Too often, Komar adds, parents hide behind excuses like “I don’t want the children to be confused” or “I don’t want the children to get their hopes up for reconciliation.” Then they’re standoffish and nasty to the other parent just to prevent those outcomes. But that only hurts the kids more. Seeing their parents act cordially toward each other can relieve a lot of stress and tension. 


Mom and daughter making paper hearts.

2. Make your day meaningful 

The kids should be your focus, but you matter too. This might be a painful day, and you’ll feel better and function better if you take good care of yourself.  

Show gratitude 

Making cards isn’t just for kids! “Send little notes of appreciation to the friends and family who have sustained you through your divorce thus far,” suggests Komar. “Gratitude, next to love, is one of the most powerful emotions there is. Be grateful for all the love in your life—not just romantic love, but also your parents, friends, co-workers, and pets.” 

Don’t slide into a downward spiral 

You’re no longer with your former spouse or partner on Valentine’s Day. That might feel like a huge relief, or you might be grieving—or both. Either way, it might feel weird. It’s easy to give into depression when you’re dealing with complicated or negative emotions, but it’s not unavoidable.  

“Expressing gratitude will go a long way in pulling someone out of a funk just because they are not with a special someone on Valentine’s Day,” says Komar. I am sure if you look back with an honest lens, not all the Valentine’s Days were perfect Hallmark moments with your ex-spouse. Keep thinking the best is yet to come!” 

Lean on your resources 

Komar recommends a book called Parenting After Divorce, Resolving Conflicts and Meeting Your Children’s Needs by Phillip M. Stahl, Ph.D. It explores the nuts and bolts of creating a parenting plan—including getting past your own emotions, tailoring the plan to your kids’ ages, responding to your kids’ questions, communicating effectively, and supporting a relationship with the other parent.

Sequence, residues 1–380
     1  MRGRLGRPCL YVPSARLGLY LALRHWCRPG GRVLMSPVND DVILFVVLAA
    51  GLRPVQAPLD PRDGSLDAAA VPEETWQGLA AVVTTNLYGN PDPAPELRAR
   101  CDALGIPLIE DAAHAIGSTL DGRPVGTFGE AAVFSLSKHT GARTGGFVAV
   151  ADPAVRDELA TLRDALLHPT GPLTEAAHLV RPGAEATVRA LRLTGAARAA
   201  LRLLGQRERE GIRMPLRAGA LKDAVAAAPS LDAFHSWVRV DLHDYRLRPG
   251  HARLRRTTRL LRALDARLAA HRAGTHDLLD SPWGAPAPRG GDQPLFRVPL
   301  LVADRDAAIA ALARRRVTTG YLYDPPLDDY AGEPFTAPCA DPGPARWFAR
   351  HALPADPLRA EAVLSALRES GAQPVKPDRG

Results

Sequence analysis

It also includes a chapter on taking care of yourself, under the theory that if you do not take care of yourself, you’re not going to be an effective parent.  

And on that note, 


3. Model self-love, the key to resiliency 

“It is important that our children see us care for ourselves and love ourselves,” says Dr. Gilman, “even when life hasn’t been perfect. It is self-acceptance and self-compassion that model resilience during and after adversity.” 

Check out Verywell Mind’s 7 Ways to Practice Self-Love—and talk about what you’re doing as you put it into action. When you go to bed, tell your kids you get consistent sleeping hours because it nourishes your body and improves your mood. When you make a mistake, acknowledge it and then talk through the practice of self-compassion. 

"Watching a parent go through a difficult time, and still being able to love and accept themselves (and accept the negative situation), is a powerful way to encourage children to love themselves no matter what,” says Dr. Gilman. 


Celebrate all the love in your life, especially your love for your kids 

Remind your children that no matter how much upheaval they’ve faced, two things are for certain: you love them, and their other parent loves them. That will never change.  


Elle Barr
Author's Bio:

Elle Barr  is an experienced family law attorney with a deep commitment to serving children and families. She has experience representing clients in all family law matters, with an emphasis on serving as a court-appointed Guardian ad Litem (GAL) in New Jersey and Pennsylvania. 

She also serves as the Judicial Education Coordinator for OurFamilyWizard. In this role, she educates judges, lawyers, and other family law professionals on the online tools that are used to reduce conflict and increase accountability in high-conflict co-parenting situations.